Imagine waking up one morning and finding someone is building a school right next to your house. Pretty much the first thing you heard about it is when demolition started. This may sound crazy, but it's already happened in Austin, as charter schools have taken advantage of a loophole in the city's planning rules. It's allowed them to avoid many of the standard processes with which any other builder – including the local school districts – has to comply.
The charters say they need the leeway the current rules give them, but the local school districts argue they have an unfair advantage. So far, the city is agreeing with the ISDs. On May 24, on a 7-4 vote, the Planning Commission sent an ordinance to City Council to close the loophole and revise the rules for charter construction. As scheduled, it should reach Council by June 9: If approved, it will be on the books before the next school year. Before the vote, Planning Commissioner Patricia Seeger said, "This is a land use issue. It's not a referendum on if charters are good, about their financing, about their funding, even about education. It's about land use."
The purpose of the measure is not to standardize planning requirements for all public schools, whether run by elected ISD trustees or private charter boards. Instead, as Development Services Department managing engineer Andy Linseisen told commissioners, the purpose of the ordinance is "to as closely as possible create equality with respect to all the core operating development requirements in the code."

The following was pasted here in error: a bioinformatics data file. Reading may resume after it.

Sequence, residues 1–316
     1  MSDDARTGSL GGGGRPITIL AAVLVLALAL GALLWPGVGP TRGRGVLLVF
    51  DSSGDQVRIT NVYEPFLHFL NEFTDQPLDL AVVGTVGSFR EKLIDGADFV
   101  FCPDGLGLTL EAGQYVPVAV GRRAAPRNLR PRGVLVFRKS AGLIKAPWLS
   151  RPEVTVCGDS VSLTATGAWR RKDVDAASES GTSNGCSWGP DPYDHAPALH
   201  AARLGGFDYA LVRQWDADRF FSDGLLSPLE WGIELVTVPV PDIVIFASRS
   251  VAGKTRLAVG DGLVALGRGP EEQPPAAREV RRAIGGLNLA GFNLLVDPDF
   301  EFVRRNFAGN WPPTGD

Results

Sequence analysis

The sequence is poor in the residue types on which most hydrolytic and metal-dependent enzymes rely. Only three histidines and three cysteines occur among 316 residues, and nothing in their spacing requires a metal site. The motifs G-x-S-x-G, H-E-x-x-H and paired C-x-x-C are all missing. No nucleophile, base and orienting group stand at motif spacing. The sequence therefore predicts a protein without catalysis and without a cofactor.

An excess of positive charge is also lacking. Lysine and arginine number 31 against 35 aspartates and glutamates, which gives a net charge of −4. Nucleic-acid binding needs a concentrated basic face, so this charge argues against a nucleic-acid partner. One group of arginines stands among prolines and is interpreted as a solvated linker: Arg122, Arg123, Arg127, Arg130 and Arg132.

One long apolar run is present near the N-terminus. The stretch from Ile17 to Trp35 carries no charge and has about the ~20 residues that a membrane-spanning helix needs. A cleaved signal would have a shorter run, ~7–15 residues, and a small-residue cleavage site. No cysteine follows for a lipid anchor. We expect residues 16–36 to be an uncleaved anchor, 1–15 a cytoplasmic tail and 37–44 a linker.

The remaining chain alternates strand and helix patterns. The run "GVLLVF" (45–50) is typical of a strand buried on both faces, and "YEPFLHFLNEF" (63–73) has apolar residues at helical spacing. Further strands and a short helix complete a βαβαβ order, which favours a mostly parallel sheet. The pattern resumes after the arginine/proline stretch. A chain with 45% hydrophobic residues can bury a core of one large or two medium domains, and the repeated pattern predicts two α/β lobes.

The previous night, the AISD board of trustees approved a resolution backing the ordinance, calling for the council to adopt "amendments to the City's Land Development Code implementing land development regulations for open enrollment charter schools that are no less restrictive than development activities of the District." As Superintendent Paul Cruz told the board, "It's just about playing by the same rules."
The discussion about the ordinance began in 2013, when city staff first noticed that there was a massive loophole when it came to building schools. As it stands, public schools – within both ISDs and charter networks – are exempt from large chunks of the Land Development Code.
At least, that's how it is written. In reality, all eight ISDs either wholly or partially contained within Austin city limits have entered into interlocal agreements with the city, meaning that there is an extra layer of restrictions. However, while they are described as public schools, open-enrollment charters are run as private entities, and so cannot enter into an interlocal agreement. Instead, they're allowed to simply file a site plan exemption with the city, speed through the process, and be effectively exempted from many strictures placed on other structures.
The details of the exemptions mean charters have proven to be far nimbler in construction than the districts operating under interlocal agreements. Opening an AISD campus takes roughly five years from first plans to first period. A charter school generally takes less than half that, around two years, and allows construction under looser regulations and with less public engagement.